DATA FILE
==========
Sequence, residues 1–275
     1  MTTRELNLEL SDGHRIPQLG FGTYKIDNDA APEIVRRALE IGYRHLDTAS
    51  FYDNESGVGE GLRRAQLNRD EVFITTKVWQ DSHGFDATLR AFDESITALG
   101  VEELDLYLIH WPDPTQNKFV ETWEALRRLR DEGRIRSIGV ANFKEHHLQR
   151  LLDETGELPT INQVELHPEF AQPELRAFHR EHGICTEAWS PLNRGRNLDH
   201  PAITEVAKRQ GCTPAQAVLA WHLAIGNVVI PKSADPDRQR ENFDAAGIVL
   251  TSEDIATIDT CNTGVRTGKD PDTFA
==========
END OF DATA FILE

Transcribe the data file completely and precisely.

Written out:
Sequence, residues 1–275
     1  MTTRELNLEL SDGHRIPQLG FGTYKIDNDA APEIVRRALE IGYRHLDTAS
    51  FYDNESGVGE GLRRAQLNRD EVFITTKVWQ DSHGFDATLR AFDESITALG
   101  VEELDLYLIH WPDPTQNKFV ETWEALRRLR DEGRIRSIGV ANFKEHHLQR
   151  LLDETGELPT INQVELHPEF AQPELRAFHR EHGICTEAWS PLNRGRNLDH
   201  PAITEVAKRQ GCTPAQAVLA WHLAIGNVVI PKSADPDRQR ENFDAAGIVL
   251  TSEDIATIDT CNTGVRTGKD PDTFA